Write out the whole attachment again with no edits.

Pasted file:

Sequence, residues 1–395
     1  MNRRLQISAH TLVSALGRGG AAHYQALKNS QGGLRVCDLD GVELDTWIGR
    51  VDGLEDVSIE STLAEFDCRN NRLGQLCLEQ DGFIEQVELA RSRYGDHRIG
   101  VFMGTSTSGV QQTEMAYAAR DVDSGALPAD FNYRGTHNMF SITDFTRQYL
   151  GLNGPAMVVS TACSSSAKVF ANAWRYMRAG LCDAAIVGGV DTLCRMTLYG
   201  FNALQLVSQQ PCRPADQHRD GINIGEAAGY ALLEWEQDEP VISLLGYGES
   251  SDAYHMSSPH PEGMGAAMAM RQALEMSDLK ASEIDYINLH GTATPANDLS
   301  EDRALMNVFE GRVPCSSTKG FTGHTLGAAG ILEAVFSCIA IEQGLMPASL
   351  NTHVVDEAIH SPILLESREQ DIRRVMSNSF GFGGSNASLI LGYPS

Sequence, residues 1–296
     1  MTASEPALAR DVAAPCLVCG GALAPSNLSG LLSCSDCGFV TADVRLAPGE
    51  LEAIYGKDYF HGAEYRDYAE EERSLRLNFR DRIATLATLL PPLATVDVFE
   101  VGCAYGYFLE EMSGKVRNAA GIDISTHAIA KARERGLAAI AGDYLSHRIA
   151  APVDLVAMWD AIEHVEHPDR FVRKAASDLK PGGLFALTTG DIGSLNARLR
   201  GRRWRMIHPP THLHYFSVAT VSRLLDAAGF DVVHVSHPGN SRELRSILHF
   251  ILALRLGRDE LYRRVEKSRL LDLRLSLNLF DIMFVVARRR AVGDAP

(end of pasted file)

Sequence, residues 1–395
     1  MNRRLQISAH TLVSALGRGG AAHYQALKNS QGGLRVCDLD GVELDTWIGR
    51  VDGLEDVSIE STLAEFDCRN NRLGQLCLEQ DGFIEQVELA RSRYGDHRIG
   101  VFMGTSTSGV QQTEMAYAAR DVDSGALPAD FNYRGTHNMF SITDFTRQYL
   151  GLNGPAMVVS TACSSSAKVF ANAWRYMRAG LCDAAIVGGV DTLCRMTLYG
   201  FNALQLVSQQ PCRPADQHRD GINIGEAAGY ALLEWEQDEP VISLLGYGES
   251  SDAYHMSSPH PEGMGAAMAM RQALEMSDLK ASEIDYINLH GTATPANDLS
   301  EDRALMNVFE GRVPCSSTKG FTGHTLGAAG ILEAVFSCIA IEQGLMPASL
   351  NTHVVDEAIH SPILLESREQ DIRRVMSNSF GFGGSNASLI LGYPS

Sequence, residues 1–296
     1  MTASEPALAR DVAAPCLVCG GALAPSNLSG LLSCSDCGFV TADVRLAPGE
    51  LEAIYGKDYF HGAEYRDYAE EERSLRLNFR DRIATLATLL PPLATVDVFE
   101  VGCAYGYFLE EMSGKVRNAA GIDISTHAIA KARERGLAAI AGDYLSHRIA
   151  APVDLVAMWD AIEHVEHPDR FVRKAASDLK PGGLFALTTG DIGSLNARLR
   201  GRRWRMIHPP THLHYFSVAT VSRLLDAAGF DVVHVSHPGN SRELRSILHF
   251  ILALRLGRDE LYRRVEKSRL LDLRLSLNLF DIMFVVARRR AVGDAP